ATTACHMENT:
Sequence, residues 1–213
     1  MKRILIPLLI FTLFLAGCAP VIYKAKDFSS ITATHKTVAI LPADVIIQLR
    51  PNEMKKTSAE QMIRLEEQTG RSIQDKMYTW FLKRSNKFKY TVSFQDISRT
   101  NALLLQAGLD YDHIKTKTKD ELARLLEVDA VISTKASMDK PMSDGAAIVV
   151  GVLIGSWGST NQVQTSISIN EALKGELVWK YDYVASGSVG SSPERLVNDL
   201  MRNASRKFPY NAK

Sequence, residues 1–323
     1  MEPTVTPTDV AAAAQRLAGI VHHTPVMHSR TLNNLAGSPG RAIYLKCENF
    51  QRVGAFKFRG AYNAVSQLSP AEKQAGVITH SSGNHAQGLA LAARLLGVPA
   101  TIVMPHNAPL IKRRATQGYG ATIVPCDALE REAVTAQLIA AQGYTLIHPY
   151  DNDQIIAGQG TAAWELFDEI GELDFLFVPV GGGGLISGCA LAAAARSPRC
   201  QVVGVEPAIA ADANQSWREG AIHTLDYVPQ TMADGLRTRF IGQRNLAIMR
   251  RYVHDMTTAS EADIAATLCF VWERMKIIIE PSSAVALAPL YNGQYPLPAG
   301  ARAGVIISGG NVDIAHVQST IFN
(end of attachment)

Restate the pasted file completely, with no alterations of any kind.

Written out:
Sequence, residues 1–213
     1  MKRILIPLLI FTLFLAGCAP VIYKAKDFSS ITATHKTVAI LPADVIIQLR
    51  PNEMKKTSAE QMIRLEEQTG RSIQDKMYTW FLKRSNKFKY TVSFQDISRT
   101  NALLLQAGLD YDHIKTKTKD ELARLLEVDA VISTKASMDK PMSDGAAIVV
   151  GVLIGSWGST NQVQTSISIN EALKGELVWK YDYVASGSVG SSPERLVNDL
   201  MRNASRKFPY NAK

Sequence, residues 1–323
     1  MEPTVTPTDV AAAAQRLAGI VHHTPVMHSR TLNNLAGSPG RAIYLKCENF
    51  QRVGAFKFRG AYNAVSQLSP AEKQAGVITH SSGNHAQGLA LAARLLGVPA
   101  TIVMPHNAPL IKRRATQGYG ATIVPCDALE REAVTAQLIA AQGYTLIHPY
   151  DNDQIIAGQG TAAWELFDEI GELDFLFVPV GGGGLISGCA LAAAARSPRC
   201  QVVGVEPAIA ADANQSWREG AIHTLDYVPQ TMADGLRTRF IGQRNLAIMR
   251  RYVHDMTTAS EADIAATLCF VWERMKIIIE PSSAVALAPL YNGQYPLPAG
   301  ARAGVIISGG NVDIAHVQST IFN